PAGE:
https://www.usfa.fema.gov/downloads/pdf/publications/fa_46.pdf

SERVPRO of North Arlington is here for all of your restoration needs.

Prevent Home Fires

11/21/2019 (Permalink)

Fireplaces and Woodstoves

  • Inspect and clean woodstove pipes and chimneys annually and check monthly for damage or obstructions.
  • Use a fireplace screen heavy enough to stop rolling logs and big enough to cover the entire opening of the fireplace to catch flying sparks.
  • Make sure the fire is completely out before leaving the house or going to bed.

Children

  • Take the mystery out of fire play by teaching children that fire is a tool, not a toy.
  • Store matches and lighters out of children's reach and sight, preferably in a locked cabinet.
  • Never leave children unattended near operating stoves or burning candles, even for a short time.

More Prevention Tips

  • Never use stove range or oven to heat your home.
  • Keep combustible and flammable liquids away from heat sources.
  • Portable generators should NEVER be used indoors and should only be refueled outdoors or in well ventilated areas.

https://www.ready.gov/home-fires

SERVPRO of North Arlington is here for all of your restoration needs.

Staying Safe After a Storm

11/13/2019 (Permalink)

Staying Safe After a Storm

  • Listen to the radio for advisories and other instructions.
  • Do not venture outside until it has been declared safe to do so.
  • Stay away from downed power lines and avoid standing water or metal objects near downed wires.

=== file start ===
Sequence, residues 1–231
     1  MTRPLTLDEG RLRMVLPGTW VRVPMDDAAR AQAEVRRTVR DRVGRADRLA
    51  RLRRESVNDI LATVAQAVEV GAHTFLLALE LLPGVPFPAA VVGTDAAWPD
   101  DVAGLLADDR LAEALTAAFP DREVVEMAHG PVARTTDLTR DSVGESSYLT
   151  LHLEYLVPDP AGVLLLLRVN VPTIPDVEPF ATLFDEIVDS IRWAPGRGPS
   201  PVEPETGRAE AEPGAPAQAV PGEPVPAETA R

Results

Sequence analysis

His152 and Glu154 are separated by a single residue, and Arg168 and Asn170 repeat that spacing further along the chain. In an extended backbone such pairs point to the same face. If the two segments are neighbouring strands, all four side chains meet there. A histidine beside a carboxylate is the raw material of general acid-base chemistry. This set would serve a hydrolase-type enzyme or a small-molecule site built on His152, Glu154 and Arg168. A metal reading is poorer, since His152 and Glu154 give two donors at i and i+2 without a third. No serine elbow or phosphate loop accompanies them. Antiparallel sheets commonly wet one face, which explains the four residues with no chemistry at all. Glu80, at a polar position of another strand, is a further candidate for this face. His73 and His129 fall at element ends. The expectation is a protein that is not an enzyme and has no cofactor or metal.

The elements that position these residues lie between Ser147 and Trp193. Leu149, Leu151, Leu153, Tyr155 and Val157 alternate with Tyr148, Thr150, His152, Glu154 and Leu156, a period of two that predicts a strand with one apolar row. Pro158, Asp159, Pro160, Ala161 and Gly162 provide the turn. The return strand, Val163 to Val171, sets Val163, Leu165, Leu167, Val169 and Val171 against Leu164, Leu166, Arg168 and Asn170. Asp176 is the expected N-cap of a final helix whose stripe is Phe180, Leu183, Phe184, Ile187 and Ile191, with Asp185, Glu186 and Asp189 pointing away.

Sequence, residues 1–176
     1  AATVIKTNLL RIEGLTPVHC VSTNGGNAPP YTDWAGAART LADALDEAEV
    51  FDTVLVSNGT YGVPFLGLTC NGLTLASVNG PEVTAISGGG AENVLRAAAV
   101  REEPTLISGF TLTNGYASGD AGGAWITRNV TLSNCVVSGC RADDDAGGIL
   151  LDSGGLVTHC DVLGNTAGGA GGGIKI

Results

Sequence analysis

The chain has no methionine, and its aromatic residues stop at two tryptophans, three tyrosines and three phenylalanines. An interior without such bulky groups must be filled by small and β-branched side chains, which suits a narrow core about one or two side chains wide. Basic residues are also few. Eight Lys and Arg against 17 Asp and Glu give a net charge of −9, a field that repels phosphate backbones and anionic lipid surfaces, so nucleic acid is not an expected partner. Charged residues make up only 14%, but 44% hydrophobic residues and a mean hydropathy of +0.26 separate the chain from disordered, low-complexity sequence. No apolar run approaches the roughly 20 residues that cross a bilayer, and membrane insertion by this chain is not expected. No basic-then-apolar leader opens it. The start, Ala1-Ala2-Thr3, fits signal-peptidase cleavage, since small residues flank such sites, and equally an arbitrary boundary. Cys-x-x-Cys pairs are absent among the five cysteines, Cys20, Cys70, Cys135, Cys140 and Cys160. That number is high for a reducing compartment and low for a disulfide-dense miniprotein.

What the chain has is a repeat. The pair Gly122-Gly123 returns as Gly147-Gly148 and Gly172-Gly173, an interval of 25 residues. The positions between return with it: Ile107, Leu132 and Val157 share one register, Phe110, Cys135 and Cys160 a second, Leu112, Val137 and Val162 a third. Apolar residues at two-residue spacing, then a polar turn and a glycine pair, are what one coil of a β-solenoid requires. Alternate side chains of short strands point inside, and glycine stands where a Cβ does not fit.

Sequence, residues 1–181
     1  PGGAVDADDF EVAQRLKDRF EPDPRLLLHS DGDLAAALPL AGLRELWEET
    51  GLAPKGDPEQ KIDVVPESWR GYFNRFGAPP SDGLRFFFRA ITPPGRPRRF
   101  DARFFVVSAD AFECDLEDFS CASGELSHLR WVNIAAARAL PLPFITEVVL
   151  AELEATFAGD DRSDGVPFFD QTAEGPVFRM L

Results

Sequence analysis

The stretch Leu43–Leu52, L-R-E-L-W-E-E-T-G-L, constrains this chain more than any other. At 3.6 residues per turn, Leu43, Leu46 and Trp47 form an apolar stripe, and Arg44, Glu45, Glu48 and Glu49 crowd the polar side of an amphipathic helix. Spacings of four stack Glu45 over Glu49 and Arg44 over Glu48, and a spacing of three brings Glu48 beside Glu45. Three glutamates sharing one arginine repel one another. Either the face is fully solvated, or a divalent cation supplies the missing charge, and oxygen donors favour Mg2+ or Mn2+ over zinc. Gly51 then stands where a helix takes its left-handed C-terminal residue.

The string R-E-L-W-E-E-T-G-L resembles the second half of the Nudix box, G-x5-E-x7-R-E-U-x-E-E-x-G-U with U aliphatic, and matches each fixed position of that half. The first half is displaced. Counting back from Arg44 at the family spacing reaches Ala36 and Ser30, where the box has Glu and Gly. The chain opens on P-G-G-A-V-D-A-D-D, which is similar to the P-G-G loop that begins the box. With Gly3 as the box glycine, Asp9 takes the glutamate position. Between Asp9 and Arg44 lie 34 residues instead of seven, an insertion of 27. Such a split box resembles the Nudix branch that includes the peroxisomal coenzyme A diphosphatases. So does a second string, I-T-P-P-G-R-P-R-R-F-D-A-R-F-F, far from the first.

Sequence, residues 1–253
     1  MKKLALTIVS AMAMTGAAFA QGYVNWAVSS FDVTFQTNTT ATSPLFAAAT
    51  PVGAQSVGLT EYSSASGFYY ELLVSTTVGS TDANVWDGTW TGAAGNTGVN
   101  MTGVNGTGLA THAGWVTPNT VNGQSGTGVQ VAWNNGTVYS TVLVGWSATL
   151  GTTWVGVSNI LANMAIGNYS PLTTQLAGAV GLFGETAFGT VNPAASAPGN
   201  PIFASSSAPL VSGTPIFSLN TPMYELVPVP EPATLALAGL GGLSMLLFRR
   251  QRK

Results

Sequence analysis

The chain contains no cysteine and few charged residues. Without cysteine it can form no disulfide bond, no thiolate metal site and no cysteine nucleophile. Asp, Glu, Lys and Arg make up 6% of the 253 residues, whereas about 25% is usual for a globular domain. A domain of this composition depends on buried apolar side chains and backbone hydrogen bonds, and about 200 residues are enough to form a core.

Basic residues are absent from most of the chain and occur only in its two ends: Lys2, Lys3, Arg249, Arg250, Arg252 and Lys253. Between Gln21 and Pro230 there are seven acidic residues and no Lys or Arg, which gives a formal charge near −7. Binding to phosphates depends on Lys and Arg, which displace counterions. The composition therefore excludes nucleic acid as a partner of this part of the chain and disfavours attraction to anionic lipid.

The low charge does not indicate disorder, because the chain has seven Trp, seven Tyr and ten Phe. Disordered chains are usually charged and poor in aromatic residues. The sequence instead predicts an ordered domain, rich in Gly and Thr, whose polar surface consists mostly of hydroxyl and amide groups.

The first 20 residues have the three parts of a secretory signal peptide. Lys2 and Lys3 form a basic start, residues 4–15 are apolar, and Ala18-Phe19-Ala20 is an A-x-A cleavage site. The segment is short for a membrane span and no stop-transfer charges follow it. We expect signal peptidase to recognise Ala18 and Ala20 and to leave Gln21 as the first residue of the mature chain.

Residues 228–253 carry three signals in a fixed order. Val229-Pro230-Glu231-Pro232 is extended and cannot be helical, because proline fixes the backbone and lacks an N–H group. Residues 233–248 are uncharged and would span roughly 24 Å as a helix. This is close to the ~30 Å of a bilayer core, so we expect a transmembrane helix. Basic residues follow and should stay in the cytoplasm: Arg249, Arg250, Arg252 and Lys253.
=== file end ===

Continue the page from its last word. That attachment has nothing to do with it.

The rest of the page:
• Leave and do not enter buildings that have sustained structural damage.
  • Stay away from damaged trees and dangling or broken limbs.
  • Do not swim or wade in flood waters.
  • Check on neighbors, especially those who are elderly or disabled.
  • Watch out for snakes or other wild animals.
  • Turn the gas off at the meter if you smell gas.
  • Do not drive unless absolutely necessary.
  • If you must drive, watch for undermined roads and damaged bridges.
  • Do not attempt to drive through flooded streets or bridges.
  • Avoid using candles or other open flames indoors.
  • Keep a fire extinguisher handy at all times.
  • Test battery powered smoke and CO alarms.
  • Make sure your sewer system is working before flushing toilets.
  • Keep pets indoors and use a leash when taking them outside.
  • Operate generators outdoors in the open away from windows and doors.
  • Don’t eat perishable food that has warmed to over 40° F.

https://todayshomeowner.com/dealing-with-storm-damage-to-your-home/

SERVPRO of North Arlington is here for all of your mitigation and restoration needs.

Types of Weather Damage That May Be Covered

11/13/2019 (Permalink)

Types of Weather Damage That May Be Covered

The most common types of weather-related damage include:

Although not all damage is covered by standard homeowners' insurance, most of the above items are, with flood damage being the major exception. Flood damage is not usually covered by most home insurance companies. However, you may be able to buy flood insurance through the National Flood Insurance Program. You can find out more about national flood insurance on the FEMA website.

Damage that crosses boundary lines can raise questions about whose responsibility it is to cover repairs. If a toppled tree damages your home and your neighbor's, both you and your neighbor should contact your respective insurance companies. Your insurance providers will help determine responsibility and how to pay for repairs.

https://www.thebalance.com/weather-water-damage-home-insurance-coverage-3862186

SERVPRO of North Arlington is here for all of your restoration needs.

Learn about Fires

11/11/2019 (Permalink)

In just two minutes, a fire can become life-threatening. In five minutes, a residence can be engulfed in flames.

Learn About Fires

  • Fire is FAST!In less than 30 seconds a small flame can turn into a major fire. It only takes minutes for thick black smoke to fill a house or for it to be engulfed in flames.